House of Commons - Explanatory Note
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237.     The Consumer Voice provisions in Part 1include the consolidation of three Non Departmental Public Bodies, with the intention of creating a much stronger, more coherent body that can apply experience and best practice in one sector to other sectors as appropriate. This will also result in efficiency savings, resulting partly from the consolidation of staff and the removal of duplicated roles as the three bodies are merged into one. The number of staff at the new body will be determined in conjunction with the existing consumer bodies to ensure that the new body is fit for purpose and able to undertake its new functions effectively and efficiently. Provisions in the Bill relating to Estates Agents and Doorstep Selling have no effect on public service manpower.


238.     A Regulatory Impact Assessment has been prepared to accompany the Bill and will be published alongside the Bill and these Notes. A copy of the Regulatory Impact Assessment may be seen at Hard copies of the document are available from CCP 2F, Bay 419, Department of Trade and Industry, 1 Victoria Street, London, SW1H OET.

Consumer Voice

239.     Having consulted widely the Government is of the view that these provisions in Parts 1 and 2 will have minimal effect on small firms, voluntary organisations and charities. They will also have minimal impact on competition in any of the sectors affected by the provisions.

Estate Agents

240.     It is expected that redress scheme membership costs for estate agents will be broadly similar to existing voluntary schemes (£130pa) resulting in additional costs to those estate agents currently outside schemes of about £600,000pa.

241.     Changes to the enforcement regime are not expected to result in any increased burden on enforcers. There will, however, be costs to business resulting from increased enforcement activity, but these will fall disproportionately on those agents who have complaints made against them.

242.     The changes proposed in terms of the duty to make and keep records will be minimal.

Doorstep Selling

243.     The Government expects that the measure will affect all businesses which make sales on the doorstep, including small firms in relevant sectors, without placing a disproportionate burden on business.


244.     Section 19 of the Human Rights Act 1998 requires the Minister in charge of a Bill in either House of Parliament to make a statement about the compatibility of the provisions of the Bill with the Convention rights (as defined by Section 1 of that Act). On 6th February 2007 the Secretary of State for Trade and Industry made the following statement:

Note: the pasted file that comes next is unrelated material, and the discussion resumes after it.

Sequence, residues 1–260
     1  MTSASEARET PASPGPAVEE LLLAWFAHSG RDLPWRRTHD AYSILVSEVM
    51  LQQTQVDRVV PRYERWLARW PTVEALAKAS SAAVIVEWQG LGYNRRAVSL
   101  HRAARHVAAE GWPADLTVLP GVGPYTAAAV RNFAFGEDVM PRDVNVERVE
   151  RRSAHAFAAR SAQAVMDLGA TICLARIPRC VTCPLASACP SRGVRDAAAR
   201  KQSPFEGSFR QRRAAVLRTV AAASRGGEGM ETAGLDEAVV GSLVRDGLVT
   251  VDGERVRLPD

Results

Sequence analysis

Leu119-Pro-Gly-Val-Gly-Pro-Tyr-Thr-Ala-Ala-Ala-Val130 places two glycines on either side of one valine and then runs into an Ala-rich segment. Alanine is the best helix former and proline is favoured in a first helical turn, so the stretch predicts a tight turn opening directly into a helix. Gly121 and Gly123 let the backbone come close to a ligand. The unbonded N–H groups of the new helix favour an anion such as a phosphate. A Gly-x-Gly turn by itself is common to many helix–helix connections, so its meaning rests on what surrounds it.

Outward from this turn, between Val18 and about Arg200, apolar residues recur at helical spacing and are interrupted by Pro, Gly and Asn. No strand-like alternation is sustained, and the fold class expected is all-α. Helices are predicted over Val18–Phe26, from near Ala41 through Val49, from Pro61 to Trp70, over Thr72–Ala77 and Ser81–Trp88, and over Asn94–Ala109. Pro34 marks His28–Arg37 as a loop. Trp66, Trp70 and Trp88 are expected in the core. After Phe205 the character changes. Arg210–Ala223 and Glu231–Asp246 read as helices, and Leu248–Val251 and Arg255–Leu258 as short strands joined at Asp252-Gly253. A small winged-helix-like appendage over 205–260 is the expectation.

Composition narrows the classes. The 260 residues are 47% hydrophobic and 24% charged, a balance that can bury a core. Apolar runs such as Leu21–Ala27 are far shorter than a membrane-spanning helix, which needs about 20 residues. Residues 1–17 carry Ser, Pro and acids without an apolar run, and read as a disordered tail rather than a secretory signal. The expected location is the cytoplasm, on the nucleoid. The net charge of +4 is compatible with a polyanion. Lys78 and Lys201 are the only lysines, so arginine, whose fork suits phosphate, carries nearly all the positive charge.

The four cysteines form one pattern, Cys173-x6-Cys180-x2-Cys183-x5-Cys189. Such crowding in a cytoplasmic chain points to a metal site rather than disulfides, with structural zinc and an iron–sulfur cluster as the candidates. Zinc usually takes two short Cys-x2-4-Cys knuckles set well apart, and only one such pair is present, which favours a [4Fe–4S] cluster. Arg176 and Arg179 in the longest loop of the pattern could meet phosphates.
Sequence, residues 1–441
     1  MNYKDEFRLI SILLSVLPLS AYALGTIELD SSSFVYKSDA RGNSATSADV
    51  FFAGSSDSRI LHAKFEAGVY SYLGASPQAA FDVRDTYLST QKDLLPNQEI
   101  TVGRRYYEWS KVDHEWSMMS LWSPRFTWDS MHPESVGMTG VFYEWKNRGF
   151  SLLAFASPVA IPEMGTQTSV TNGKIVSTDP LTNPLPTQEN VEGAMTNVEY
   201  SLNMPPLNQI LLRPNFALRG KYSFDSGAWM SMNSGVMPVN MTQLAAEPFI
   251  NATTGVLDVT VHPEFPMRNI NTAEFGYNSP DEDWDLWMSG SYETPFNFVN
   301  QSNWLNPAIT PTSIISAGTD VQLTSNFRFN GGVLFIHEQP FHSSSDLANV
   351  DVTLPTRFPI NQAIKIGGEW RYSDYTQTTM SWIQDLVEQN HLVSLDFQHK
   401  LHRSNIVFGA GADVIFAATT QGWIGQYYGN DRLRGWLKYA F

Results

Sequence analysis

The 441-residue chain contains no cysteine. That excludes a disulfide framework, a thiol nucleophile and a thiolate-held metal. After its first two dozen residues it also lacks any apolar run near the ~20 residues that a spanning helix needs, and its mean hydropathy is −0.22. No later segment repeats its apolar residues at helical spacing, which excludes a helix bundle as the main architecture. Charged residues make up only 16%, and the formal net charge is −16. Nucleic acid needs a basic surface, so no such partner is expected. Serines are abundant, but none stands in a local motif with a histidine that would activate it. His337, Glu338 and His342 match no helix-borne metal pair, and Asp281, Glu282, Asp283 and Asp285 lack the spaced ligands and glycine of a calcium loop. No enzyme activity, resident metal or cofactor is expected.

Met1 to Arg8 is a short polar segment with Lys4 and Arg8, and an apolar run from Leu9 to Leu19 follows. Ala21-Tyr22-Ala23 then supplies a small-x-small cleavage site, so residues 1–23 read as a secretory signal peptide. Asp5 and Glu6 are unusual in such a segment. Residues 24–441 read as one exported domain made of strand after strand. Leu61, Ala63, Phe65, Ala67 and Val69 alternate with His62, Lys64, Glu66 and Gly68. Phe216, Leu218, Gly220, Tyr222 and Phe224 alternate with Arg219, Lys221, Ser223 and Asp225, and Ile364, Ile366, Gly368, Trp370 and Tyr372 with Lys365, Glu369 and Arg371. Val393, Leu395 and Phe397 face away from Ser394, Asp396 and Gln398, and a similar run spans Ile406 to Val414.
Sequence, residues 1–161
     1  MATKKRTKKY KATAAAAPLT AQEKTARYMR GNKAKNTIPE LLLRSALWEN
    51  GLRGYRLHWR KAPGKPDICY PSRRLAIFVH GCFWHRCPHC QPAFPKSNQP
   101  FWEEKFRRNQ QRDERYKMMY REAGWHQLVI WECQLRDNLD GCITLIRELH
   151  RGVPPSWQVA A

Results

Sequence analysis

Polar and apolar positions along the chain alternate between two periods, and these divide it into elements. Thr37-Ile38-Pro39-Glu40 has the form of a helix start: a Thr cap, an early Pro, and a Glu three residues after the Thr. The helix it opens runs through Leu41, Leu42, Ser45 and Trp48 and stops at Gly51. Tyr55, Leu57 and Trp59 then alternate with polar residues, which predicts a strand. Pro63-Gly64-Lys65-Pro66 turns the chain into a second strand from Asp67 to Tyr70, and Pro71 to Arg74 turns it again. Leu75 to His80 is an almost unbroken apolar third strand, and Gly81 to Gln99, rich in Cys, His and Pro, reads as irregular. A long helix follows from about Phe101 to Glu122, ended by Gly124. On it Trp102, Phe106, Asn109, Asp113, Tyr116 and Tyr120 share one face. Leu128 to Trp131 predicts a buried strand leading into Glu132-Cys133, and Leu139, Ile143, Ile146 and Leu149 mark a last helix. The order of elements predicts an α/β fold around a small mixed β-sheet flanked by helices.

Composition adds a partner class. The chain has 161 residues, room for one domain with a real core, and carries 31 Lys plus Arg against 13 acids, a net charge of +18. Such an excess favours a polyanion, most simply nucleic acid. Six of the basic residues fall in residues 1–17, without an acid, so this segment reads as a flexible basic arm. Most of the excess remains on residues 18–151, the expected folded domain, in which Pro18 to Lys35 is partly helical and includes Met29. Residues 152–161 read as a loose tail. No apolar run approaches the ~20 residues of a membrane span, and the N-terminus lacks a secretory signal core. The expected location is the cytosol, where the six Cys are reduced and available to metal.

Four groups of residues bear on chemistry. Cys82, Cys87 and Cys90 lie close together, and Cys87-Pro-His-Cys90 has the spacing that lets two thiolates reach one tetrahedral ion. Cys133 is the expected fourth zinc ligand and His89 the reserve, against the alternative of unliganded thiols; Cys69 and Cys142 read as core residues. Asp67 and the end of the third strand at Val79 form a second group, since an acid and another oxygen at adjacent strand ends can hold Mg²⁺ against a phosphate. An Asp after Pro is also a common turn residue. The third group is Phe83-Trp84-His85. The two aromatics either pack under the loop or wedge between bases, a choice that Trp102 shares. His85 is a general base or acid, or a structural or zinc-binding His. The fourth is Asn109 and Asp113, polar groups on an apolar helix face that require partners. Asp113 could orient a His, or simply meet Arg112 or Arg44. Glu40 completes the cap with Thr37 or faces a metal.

"In my view the provisions of the Consumers, Estate Agents and Redress Bill are compatible with the Convention Rights."


245.     This section of these Notes comments on those provisions in the Bill which may engage Convention rights. The Government's conclusion in relation to these clauses is that there is no incompatibility with these rights. No specific reference is made in this section to clauses of the Bill, which it is believed do not engage Convention rights and do not therefore require further comment.

Provision of information to the Council

246.     As explained above, Clauses 24 to 28 give the Council powers to require certain persons to provide information. These provisions are considered to be compliant with Article 8(1) and Article 6(1) of the Convention. In relation to Article 8(1) the information to be provided is limited to information required by the Council to undertake its functions and the Council is under a duty to minimise detriment. These are necessary and proportionate powers to enable the Council to undertake its functions.

Transfer of property

247.     Clause 35 provides that the Secretary of State may direct any of energywatch, Postwatch and the Consumer Council for Water as well as the existing National Consumer Council to transfer its property, rights and liabilities to the Council. The Bill provides for consultation with all persons affected by the transfer.